Rarely when discussed the line-up for Thanksgiving dinner is there mention of soup. Pumpkin pies, sweet potato casseroles, onion dip and roasted turkey might translate into creative ingredients for post-game festivities but the in-between football games dinner certainly would never include a bowl of tomato soup. So when I arrived at the relatives for our turkey dinner with this Campbell soup can full of flowers, a woman stopped in her tracks. "A bowl of soup," she said. "No, it's Andy Wharhol!" The ingredients for our tomato soup include: mums, roses, sunflowers, carns, eucalyptus, and sunset safari. The caloric intake, sodium content and how many servings this can contains will have to be referred to Safeway, Towson, MD. Now, back to the game. "Oh, can I interrupt for one more second? Serve these ingredients cool."
Frederick and Louise Vanderbilt bought a 600 acre estate in Hyde Park overlooking the Hudson River Valley in 1895. McKim, Meade and White, well-known architects from New York were hired to build a new home. Frederick Vanderbilt with a keen interest in horticulture oversaw the installation of an Italian formal garden. His garden was tiered, the multiple levels dedicated to specific types of plants: annuals, perennials, shrubs and roses. The gardens boast 6,000 annuals and 1,800 roses many of which are vintage. Vanderbilt sought to follow the mirror image of an Italian garden with a line drawn either horizontally or vertically. Often Mr. Vanderbilt would win local competition at flower shows in Dutchess County, New York. A Plant Sale of annuals, perennials and shrubs some from the Vanderbilt gardens or supplied by the volunteers and their gardens will take place on Saturday, May 28th. For information contact: vanderbiltgarden.org Roosevelt-Vanderbilt National Historic Sites National Park Service 845-229-9115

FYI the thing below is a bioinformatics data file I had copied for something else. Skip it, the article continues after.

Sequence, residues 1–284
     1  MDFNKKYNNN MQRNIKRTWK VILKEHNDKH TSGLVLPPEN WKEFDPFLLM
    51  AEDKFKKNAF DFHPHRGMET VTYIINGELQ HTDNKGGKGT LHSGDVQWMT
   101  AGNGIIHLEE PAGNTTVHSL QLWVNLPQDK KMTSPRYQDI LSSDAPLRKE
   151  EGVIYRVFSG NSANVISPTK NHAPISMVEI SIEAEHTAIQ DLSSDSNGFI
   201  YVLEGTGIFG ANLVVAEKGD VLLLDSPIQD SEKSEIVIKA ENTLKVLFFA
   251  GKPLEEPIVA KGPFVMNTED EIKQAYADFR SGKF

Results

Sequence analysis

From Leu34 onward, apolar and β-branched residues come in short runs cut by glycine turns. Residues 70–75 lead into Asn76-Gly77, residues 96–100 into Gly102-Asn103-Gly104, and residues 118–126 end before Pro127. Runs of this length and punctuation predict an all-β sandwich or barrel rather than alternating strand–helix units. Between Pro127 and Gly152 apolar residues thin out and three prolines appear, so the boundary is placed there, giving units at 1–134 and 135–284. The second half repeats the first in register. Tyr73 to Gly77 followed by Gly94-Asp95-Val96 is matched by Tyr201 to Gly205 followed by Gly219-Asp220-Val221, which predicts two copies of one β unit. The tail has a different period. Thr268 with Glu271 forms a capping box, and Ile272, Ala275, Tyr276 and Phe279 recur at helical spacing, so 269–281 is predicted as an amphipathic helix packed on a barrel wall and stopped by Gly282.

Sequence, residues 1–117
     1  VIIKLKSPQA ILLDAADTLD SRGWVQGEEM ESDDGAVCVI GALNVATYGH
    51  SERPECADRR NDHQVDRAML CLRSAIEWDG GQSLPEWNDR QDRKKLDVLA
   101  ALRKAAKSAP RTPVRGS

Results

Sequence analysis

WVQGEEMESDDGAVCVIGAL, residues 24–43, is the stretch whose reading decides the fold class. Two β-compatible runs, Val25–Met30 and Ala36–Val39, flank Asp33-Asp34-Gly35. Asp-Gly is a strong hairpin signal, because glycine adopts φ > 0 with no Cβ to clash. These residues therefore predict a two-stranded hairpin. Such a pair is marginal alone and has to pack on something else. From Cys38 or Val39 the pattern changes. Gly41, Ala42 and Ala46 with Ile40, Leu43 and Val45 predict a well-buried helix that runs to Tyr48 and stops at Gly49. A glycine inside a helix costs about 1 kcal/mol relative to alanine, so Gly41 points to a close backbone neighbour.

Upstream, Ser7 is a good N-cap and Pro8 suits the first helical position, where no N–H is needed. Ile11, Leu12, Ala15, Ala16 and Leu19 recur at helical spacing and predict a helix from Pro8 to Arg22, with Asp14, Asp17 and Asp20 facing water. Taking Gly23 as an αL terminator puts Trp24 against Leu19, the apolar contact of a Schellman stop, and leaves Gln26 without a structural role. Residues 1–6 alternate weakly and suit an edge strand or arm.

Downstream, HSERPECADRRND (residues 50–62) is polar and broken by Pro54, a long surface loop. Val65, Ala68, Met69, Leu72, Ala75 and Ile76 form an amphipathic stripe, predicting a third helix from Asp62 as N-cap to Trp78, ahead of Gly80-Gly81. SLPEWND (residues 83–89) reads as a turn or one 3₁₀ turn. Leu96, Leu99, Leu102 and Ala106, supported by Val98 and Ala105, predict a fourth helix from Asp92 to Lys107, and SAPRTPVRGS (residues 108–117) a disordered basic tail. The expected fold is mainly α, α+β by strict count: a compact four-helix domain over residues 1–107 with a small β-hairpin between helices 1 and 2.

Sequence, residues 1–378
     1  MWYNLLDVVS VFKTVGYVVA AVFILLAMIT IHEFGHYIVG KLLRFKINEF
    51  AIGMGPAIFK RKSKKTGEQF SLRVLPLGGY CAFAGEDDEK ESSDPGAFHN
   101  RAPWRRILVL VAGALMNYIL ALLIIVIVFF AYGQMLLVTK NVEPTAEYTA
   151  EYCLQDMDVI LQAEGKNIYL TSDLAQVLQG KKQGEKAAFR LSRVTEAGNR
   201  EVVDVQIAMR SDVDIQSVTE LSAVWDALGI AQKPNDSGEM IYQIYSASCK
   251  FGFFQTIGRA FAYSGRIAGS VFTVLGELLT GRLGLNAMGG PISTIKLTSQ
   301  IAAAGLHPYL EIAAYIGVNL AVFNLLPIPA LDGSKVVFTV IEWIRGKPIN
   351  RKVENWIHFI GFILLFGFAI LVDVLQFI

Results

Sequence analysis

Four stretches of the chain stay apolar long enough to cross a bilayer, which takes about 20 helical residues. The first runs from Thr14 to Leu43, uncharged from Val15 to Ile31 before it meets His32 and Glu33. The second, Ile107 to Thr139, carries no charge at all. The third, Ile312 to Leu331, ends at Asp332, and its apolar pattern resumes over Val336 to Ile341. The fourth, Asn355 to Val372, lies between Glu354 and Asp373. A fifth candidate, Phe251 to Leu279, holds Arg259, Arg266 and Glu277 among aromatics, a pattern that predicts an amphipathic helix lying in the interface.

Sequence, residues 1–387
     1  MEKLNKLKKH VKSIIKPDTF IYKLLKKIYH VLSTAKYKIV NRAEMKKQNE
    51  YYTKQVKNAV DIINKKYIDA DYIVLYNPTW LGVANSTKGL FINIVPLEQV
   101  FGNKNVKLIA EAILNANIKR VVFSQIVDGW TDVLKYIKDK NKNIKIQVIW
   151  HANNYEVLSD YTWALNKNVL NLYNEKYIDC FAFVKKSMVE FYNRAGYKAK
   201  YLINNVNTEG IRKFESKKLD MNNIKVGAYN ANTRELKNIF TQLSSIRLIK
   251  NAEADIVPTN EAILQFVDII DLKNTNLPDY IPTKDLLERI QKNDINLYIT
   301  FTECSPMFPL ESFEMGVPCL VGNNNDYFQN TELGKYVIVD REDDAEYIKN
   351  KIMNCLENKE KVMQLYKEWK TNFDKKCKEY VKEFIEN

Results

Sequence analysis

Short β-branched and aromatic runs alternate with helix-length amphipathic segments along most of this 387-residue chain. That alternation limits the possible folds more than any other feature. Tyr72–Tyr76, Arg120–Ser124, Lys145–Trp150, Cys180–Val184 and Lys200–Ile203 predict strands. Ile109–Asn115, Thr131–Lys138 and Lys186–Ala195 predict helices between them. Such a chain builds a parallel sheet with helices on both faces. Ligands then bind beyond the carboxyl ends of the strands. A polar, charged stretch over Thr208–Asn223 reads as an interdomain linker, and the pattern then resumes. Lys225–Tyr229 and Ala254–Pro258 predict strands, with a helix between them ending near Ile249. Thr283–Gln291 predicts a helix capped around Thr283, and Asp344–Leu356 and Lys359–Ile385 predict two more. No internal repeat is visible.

David Culp, grower, gardener, and soon to be author spoke at Ladew Topiary Garden in Monkon, Maryland during the Garden Festival this May. His historical overview of garden styles showed the formality of Versailles to the English picturesque style of nature. Williamsburg, Mr. Culp noted, had a great influence on American gardening. "Now the clipped hedges are back in fashion." The use of the vernacular translated by Mr. Culp was to use what you have - a stone wall, a picket fence, or if you are so lucky a long hedgerow to open up to a wide pastoral scene there at Ladew. The crowd of gardeners packed into Ladew's Barn Gallery were given a most informative hand-out as the Brandywine Valley gardener explained the composition of a perennial bed: spikes like Kniphofa 'Vanilla", Cups and Daisies like Helenium autumnale, Plumes as in Persicaria polymorhpa, umbels such as eupatorium 'Gateway', globes - Allium 'Mt. Everest', Weavers like nepeta, Grasses as in Calamagrostis acutiflora 'Karl Foerster' and lastly colored foliage like Tradescantia 'Sweet Kate." Mr. Culp emphasized that a gardener should look at texture first before color. As to color, "look around you, see what you like," he said. "There should be repetition of color and shape." He finished with his favorite gardens to visit - Bartram's Garden, Sissinghurst, Wave Hill, and of course local gardens for their vegetables. David Culp, grower of hellebores, bought a 1790's farmhouse and adjoining two acres in 1990. The farmhouse is located between the forks of the Brandywines and nestled into the hillside. Affectionately referred to as Brandywine Cottage, its many gardens are planted in a naturalistic style. Similar to a Pennsylvania county garden, it includes many collections (such as) galanthus, roses, hepaticas, cyclamen, euphorbias, arums, peonies, iris, and of course, the specialty of the house, hellebores. The garden contains a series of plant habitats dedicated to 4 seasons of interest. The gardens closest to the house were developed first. This includes a raised bed that has became home to a number of small rarities that might have been lost in a larger setting, and the walled ruin, or rock garden, which first had to be cleared of tires, automobile fenders, and other accumulated junk left from years of neglect. The transformation of the overgrown hillside began about seven years ago. The under story on the hill was a six-foot-high tangle of invasive vines and shrubs which had to be cut down twice by hand before any planting could begin. Like all gardens his is a work in progress. www.LadewGardens.com www.davidlculp.com/aboutus.htm